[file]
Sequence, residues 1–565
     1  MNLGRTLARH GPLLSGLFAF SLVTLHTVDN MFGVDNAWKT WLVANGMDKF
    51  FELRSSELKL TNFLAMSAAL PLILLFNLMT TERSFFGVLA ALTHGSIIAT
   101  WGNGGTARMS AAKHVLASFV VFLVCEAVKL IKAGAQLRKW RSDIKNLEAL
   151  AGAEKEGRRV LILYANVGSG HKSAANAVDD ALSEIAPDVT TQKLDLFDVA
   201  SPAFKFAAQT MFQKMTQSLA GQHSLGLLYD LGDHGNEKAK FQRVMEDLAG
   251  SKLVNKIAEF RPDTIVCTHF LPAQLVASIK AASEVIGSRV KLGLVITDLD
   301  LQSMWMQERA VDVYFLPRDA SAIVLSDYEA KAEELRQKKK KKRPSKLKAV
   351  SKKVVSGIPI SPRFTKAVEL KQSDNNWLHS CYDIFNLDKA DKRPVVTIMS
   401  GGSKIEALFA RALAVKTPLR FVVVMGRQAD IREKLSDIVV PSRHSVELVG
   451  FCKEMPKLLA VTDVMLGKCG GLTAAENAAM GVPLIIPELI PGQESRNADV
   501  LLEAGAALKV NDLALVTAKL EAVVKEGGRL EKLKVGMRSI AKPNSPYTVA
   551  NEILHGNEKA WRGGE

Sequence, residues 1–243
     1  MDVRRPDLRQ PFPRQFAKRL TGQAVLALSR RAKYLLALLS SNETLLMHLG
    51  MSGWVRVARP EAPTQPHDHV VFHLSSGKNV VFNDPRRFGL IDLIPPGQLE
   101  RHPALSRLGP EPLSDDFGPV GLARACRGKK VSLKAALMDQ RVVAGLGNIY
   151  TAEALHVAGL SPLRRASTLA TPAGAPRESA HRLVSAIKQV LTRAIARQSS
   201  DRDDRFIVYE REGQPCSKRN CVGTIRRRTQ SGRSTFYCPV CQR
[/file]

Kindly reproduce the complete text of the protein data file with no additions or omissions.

Sequence, residues 1–565
     1  MNLGRTLARH GPLLSGLFAF SLVTLHTVDN MFGVDNAWKT WLVANGMDKF
    51  FELRSSELKL TNFLAMSAAL PLILLFNLMT TERSFFGVLA ALTHGSIIAT
   101  WGNGGTARMS AAKHVLASFV VFLVCEAVKL IKAGAQLRKW RSDIKNLEAL
   151  AGAEKEGRRV LILYANVGSG HKSAANAVDD ALSEIAPDVT TQKLDLFDVA
   201  SPAFKFAAQT MFQKMTQSLA GQHSLGLLYD LGDHGNEKAK FQRVMEDLAG
   251  SKLVNKIAEF RPDTIVCTHF LPAQLVASIK AASEVIGSRV KLGLVITDLD
   301  LQSMWMQERA VDVYFLPRDA SAIVLSDYEA KAEELRQKKK KKRPSKLKAV
   351  SKKVVSGIPI SPRFTKAVEL KQSDNNWLHS CYDIFNLDKA DKRPVVTIMS
   401  GGSKIEALFA RALAVKTPLR FVVVMGRQAD IREKLSDIVV PSRHSVELVG
   451  FCKEMPKLLA VTDVMLGKCG GLTAAENAAM GVPLIIPELI PGQESRNADV
   501  LLEAGAALKV NDLALVTAKL EAVVKEGGRL EKLKVGMRSI AKPNSPYTVA
   551  NEILHGNEKA WRGGE

Sequence, residues 1–243
     1  MDVRRPDLRQ PFPRQFAKRL TGQAVLALSR RAKYLLALLS SNETLLMHLG
    51  MSGWVRVARP EAPTQPHDHV VFHLSSGKNV VFNDPRRFGL IDLIPPGQLE
   101  RHPALSRLGP EPLSDDFGPV GLARACRGKK VSLKAALMDQ RVVAGLGNIY
   151  TAEALHVAGL SPLRRASTLA TPAGAPRESA HRLVSAIKQV LTRAIARQSS
   201  DRDDRFIVYE REGQPCSKRN CVGTIRRRTQ SGRSTFYCPV CQR